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    Arkivfil
  • 12.
    Risso, Mariela
    et al.
    University of the Republic, URY.
    Mazzini, Mauro
    University of the Republic, URY.
    Kroeger, Santiago
    University of the Republic, URY.
    Saenz Mendez, Patricia
    University of the Republic, URY.
    Seoane, Gustavo
    University of the Republic, URY.
    Gamenara, Daniela
    University of the Republic, URY.
    Microwave-assisted solvent-free lipase catalyzed transesterification of beta-ketoesters2012In: Green Chemistry Letters and Reviews, ISSN 1751-8253, E-ISSN 1751-7192, Vol. 5, no 4, p. 539-543Article in journal (Refereed)
    Abstract [en]

    Lipase-catalyzed transesterification was used as an efficient tool for the interconversion of beta-ketoesters. Catalytic activity of commercial lipase B from Candida antarctica (Novozym 435) was evaluated in systems involving non activated acyl donors, and enhanced using microwave irradiation. Interestingly, the combination of CAL B in microwave irradiation worked excellent in solvent-free conditions, thus assuring a highly competitive and environment-friendly process with high yields (up to 96%) in competitive times (< 2h). The combination of biocatalysis with solvent-free systems and microwave assistance is currently scarcely used, and may represent a powerful synergy for preparative reactions.

  • 13.
    Vera, C. M.
    et al.
    Phenomenex Australia, Pty Ltd, Lane Cove, NSW 2067, Australia.
    Shock, D.
    Phenomenex Australia, Pty Ltd, Lane Cove, NSW 2067, Australia.
    Dennis, G. R.
    Australian Centre for Research on Separation Science, School of Science and Health, University of Western Sydney, Penrith, NSW 2751, Australia.
    Samuelsson, Jörgen
    Karlstad University, Faculty of Health, Science and Technology (starting 2013), Department of Engineering and Chemical Sciences (from 2013).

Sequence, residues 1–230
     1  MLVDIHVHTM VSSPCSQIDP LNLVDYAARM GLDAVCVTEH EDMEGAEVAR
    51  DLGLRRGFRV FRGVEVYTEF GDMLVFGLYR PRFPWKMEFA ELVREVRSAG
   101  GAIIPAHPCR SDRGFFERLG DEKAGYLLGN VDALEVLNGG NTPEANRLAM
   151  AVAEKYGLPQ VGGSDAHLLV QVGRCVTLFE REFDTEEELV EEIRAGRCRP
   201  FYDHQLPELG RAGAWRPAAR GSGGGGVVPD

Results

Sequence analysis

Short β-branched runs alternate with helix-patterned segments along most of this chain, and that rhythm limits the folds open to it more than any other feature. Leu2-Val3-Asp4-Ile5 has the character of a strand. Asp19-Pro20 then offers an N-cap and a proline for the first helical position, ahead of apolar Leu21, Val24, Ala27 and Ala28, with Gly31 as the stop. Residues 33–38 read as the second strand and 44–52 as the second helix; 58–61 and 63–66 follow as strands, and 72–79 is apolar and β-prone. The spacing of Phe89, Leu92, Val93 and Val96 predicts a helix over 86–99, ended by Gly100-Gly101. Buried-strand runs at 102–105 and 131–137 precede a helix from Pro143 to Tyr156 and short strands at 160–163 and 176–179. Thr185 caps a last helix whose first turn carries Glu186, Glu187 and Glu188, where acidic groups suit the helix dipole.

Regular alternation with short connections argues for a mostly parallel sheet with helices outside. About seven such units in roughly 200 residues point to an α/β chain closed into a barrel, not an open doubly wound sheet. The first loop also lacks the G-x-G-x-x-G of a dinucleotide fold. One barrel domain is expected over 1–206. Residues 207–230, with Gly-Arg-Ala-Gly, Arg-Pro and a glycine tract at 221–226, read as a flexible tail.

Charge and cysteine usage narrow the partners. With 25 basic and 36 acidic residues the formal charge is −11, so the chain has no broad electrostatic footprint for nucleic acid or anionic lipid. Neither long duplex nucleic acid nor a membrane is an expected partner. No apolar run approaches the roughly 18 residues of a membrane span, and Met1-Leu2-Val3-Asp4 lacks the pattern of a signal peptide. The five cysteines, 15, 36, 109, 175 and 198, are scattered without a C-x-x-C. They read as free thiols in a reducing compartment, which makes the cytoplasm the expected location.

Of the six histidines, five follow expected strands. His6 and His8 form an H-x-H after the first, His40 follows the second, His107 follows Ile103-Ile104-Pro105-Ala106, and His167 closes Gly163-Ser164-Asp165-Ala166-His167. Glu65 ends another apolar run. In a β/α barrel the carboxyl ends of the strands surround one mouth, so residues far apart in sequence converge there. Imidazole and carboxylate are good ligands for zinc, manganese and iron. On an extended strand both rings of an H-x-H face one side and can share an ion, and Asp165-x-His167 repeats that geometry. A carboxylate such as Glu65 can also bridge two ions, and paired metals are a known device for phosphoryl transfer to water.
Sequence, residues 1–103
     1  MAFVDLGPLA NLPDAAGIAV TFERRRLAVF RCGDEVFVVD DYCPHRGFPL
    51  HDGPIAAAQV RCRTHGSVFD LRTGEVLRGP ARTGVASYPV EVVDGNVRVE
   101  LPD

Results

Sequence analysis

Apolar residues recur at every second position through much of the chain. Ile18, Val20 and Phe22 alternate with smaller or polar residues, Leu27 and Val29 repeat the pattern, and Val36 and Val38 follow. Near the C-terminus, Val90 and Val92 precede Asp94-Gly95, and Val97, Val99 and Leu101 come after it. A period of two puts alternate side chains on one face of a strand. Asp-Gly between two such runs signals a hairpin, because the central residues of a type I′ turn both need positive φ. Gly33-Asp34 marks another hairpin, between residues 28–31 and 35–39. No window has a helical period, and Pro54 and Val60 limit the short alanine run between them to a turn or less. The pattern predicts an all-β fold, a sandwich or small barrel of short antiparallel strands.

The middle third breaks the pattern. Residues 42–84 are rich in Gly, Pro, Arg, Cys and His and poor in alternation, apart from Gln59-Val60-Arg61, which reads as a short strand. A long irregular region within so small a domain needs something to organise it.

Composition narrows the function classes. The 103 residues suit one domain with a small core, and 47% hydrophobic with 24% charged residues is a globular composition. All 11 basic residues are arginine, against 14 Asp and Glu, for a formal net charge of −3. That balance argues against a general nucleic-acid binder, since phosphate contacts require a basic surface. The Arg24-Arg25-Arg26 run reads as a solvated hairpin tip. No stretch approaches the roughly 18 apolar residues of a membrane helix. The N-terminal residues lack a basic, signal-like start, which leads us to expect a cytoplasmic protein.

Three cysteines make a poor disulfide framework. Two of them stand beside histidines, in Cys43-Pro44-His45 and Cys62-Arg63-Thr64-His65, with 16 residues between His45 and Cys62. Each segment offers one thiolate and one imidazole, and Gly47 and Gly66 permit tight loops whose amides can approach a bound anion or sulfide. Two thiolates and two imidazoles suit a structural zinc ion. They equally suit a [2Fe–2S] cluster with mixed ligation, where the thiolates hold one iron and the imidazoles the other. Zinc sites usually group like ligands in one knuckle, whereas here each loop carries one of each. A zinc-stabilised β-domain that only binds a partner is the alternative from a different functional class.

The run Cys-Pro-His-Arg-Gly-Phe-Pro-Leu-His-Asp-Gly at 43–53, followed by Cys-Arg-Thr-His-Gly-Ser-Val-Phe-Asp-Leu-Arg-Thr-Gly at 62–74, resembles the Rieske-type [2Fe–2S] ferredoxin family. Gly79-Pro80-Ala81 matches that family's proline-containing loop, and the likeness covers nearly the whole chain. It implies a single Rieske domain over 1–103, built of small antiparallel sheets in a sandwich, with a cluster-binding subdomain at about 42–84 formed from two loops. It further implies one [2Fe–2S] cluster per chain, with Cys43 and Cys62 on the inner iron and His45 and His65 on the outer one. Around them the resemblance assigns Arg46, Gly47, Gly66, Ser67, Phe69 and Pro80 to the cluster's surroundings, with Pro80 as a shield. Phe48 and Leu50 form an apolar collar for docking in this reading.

Enmark, Martin
    Karlstad University, Faculty of Health, Science and Technology (starting 2013), Department of Engineering and Chemical Sciences (from 2013).
    Fornstedt, Torgny
    Karlstad University, Faculty of Health, Science and Technology (starting 2013), Department of Engineering and Chemical Sciences (from 2013).
    Shalliker, R. Andrew
    Karlstad University, Faculty of Health, Science and Technology (starting 2013), Department of Engineering and Chemical Sciences (from 2013). Australian Centre for Research on Separation Science, School of Science and Health, University of Western Sydney, Penrith, NSW 2751, Australia.
    A preliminary study on the selectivity of linear polynuclear aromatic hydrocarbons in SFC using phenyl-type stationary phases2015In: Microchemical journal (Print), ISSN 0026-265X, E-ISSN 1095-9149, Vol. 121, p. 136-140Article in journal (Refereed)
    Abstract [en]

    The retention behaviour of a homologous series of polyaromatic hydrocarbons was evaluated on two phenyl-type stationary phases in reversed phase supercritical fluid chromatography (SFC). These phases were the Synergi polar-RP phase and the Cosmosil 5PBB phase, both of which are polar end-capped and incorporate an ether in a propyl chain that tethers the phenyl ring to the silica surface. The Cosmosil 5PBB phase also has five bromine atoms on the phenyl ring. The retention capacity of the Cosmosil column was substantially greater than the Synergi column. However, selectivity on the Cosmosil column was effectively independent of the acetonitrile modifier composition in the CO2 mobile phase, whereas, selectivity on the Synergi column was greatly affected by the acetonitrile modifier in the CO2 mobile phase. The results from this study showed that selectivity and retention studies in HPLC cannot be used to predict selectivity and retention behaviour in SFC. (C) 2015 Elsevier B.V. All rights reserved.

  • 14.
    Wu, Jingnan
    et al.
    Chalmers University of Technology, Sweden; Aalborg University, Denmark.
    Ling, Zhaoheng
    King Abdullah University of Science & Technology, Saudi Arabia.
    Franco, Leandro R.
    Karlstad University, Faculty of Health, Science and Technology (starting 2013), Department of Engineering and Physics (from 2013).
    Jeong, Sang Young
    Korea University, South Korea.
    Genene, Zewdneh
    Chalmers University of Technology, Sweden.
    Mena, Josue